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In execution, the PS Vita proves to be even more successful that it’s console-based brethren. Not only does Rainbow Moon lend itself to the type of abbreviated play sessions that are common for commuters, but the game’s isometric visuals look absolutely stunning on the Vita’s screen. The title’s performance is equally as adept, providing an unwavering sixty frame-per second delivery and ephemeral load times when charging into combat. The game’s cross-save functionality performed masterfully, allowing progress to be shared across the PlayStation 3 and PS Vita versions wherever there’s an internet connection.

Although the title isn’t a cross-buy purchase, publisher EastAsiaSoft should be praised for offering a discount to owners of the PS3 iteration. As such, this is a $14.99 purchase for newcomers, $7.50 procurement for returning players- and if they have a PS+ subscription, the price is knocked down to $5.99. Considering that players could easily sink over a hundred hours into Rainbow Moon, an acquisition of this charming adventure title is recommended. Save for an overemphasis on grinding, SideQuest’s title is irrefutably well-built and can be immensely enjoyable in bursts.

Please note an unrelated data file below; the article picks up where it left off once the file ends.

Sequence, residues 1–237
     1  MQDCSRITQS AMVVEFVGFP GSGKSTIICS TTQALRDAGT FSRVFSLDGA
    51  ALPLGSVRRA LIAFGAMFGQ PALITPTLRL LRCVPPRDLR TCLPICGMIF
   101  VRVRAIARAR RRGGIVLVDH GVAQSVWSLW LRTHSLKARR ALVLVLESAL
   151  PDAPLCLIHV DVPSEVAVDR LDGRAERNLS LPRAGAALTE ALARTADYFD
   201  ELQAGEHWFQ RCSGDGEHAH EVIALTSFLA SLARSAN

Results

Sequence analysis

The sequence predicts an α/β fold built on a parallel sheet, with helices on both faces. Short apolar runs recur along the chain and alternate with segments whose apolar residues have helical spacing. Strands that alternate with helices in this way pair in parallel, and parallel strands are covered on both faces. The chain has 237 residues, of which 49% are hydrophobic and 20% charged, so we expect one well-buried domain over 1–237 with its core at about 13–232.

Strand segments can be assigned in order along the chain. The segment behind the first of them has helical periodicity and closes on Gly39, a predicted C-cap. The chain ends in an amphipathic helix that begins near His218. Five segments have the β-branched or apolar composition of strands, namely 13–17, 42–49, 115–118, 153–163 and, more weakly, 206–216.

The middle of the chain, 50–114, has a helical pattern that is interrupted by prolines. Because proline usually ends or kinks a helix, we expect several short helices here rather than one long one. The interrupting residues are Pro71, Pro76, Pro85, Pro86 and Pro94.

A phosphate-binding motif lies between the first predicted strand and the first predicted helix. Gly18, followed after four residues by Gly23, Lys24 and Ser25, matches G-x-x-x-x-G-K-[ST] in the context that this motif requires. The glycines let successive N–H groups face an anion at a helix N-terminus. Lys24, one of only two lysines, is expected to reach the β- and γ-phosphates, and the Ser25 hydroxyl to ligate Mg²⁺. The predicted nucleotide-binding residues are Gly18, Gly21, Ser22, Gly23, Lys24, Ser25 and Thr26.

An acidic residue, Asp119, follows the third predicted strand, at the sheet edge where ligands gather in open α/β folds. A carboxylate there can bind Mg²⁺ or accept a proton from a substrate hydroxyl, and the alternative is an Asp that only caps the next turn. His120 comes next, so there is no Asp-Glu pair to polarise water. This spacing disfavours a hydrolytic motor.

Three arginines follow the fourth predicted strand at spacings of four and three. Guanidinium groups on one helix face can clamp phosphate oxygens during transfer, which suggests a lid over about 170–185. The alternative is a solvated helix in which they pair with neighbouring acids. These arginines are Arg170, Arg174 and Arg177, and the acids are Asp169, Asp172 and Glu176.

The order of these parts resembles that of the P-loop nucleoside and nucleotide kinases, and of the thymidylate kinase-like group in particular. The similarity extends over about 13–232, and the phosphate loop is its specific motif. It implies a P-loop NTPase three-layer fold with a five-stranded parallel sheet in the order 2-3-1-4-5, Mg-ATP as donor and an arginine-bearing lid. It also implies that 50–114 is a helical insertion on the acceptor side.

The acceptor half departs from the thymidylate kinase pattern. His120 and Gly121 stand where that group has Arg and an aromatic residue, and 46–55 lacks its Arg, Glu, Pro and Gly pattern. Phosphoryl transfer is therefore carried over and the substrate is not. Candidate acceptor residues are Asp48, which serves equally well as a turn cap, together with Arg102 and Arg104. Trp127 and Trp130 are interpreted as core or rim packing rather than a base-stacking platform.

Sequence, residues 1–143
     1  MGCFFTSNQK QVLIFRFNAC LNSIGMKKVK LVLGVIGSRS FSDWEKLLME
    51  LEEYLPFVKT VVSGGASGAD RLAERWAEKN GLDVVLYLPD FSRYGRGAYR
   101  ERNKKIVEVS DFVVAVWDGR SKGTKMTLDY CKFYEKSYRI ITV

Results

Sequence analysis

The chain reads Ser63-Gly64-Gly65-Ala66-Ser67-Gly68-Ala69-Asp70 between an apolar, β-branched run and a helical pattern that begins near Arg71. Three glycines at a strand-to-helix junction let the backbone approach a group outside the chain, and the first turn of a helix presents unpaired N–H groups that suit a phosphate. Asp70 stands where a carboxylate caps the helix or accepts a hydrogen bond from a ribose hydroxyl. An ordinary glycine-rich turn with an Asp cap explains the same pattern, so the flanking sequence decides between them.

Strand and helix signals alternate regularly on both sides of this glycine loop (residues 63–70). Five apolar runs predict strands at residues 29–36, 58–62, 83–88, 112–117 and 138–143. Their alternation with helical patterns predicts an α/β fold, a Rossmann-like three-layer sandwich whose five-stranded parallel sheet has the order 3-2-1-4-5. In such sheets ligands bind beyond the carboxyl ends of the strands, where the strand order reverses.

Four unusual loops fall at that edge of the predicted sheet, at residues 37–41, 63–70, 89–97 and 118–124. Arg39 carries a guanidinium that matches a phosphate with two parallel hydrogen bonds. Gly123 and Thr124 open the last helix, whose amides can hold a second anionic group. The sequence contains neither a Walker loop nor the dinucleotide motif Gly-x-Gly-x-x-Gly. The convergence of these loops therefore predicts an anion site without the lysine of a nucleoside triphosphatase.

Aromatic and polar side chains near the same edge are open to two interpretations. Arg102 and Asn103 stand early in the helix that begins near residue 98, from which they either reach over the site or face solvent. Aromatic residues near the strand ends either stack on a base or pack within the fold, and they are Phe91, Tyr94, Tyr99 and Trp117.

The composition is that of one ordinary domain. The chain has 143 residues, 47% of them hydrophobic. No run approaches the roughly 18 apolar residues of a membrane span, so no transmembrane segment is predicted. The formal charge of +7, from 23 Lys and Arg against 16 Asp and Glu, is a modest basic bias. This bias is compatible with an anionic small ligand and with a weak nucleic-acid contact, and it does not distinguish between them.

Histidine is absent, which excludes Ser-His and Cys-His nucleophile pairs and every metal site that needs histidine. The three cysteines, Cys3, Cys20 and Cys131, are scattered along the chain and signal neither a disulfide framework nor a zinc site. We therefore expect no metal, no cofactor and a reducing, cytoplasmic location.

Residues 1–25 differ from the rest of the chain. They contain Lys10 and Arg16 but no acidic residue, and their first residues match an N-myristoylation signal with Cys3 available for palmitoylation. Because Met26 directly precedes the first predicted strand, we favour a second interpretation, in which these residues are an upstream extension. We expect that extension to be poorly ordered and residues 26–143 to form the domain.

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Rainbow Moon was played on the PS Vita with review code supplied by the publisher.